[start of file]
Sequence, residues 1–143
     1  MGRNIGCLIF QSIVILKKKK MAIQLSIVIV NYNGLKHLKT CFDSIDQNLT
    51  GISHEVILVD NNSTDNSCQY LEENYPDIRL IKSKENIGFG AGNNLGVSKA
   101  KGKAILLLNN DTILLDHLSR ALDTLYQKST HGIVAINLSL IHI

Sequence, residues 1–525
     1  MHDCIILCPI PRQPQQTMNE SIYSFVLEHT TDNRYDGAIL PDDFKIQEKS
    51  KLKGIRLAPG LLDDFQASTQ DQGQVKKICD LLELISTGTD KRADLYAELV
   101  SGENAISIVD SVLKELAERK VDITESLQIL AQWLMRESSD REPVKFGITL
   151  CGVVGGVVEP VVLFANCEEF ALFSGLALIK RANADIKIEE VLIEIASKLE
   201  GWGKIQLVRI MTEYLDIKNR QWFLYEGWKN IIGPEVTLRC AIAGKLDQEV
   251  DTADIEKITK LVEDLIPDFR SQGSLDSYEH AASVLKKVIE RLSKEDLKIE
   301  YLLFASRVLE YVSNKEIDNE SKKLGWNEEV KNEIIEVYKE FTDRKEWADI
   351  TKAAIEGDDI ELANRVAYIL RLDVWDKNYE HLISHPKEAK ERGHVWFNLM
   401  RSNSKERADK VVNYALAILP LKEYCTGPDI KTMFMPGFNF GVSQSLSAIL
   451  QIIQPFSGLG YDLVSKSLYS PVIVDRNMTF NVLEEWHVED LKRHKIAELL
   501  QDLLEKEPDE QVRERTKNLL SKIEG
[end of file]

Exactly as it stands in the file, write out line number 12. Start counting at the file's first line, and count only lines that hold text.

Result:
   301  YLLFASRVLE YVSNKEIDNE SKKLGWNEEV KNEIIEVYKE FTDRKEWADI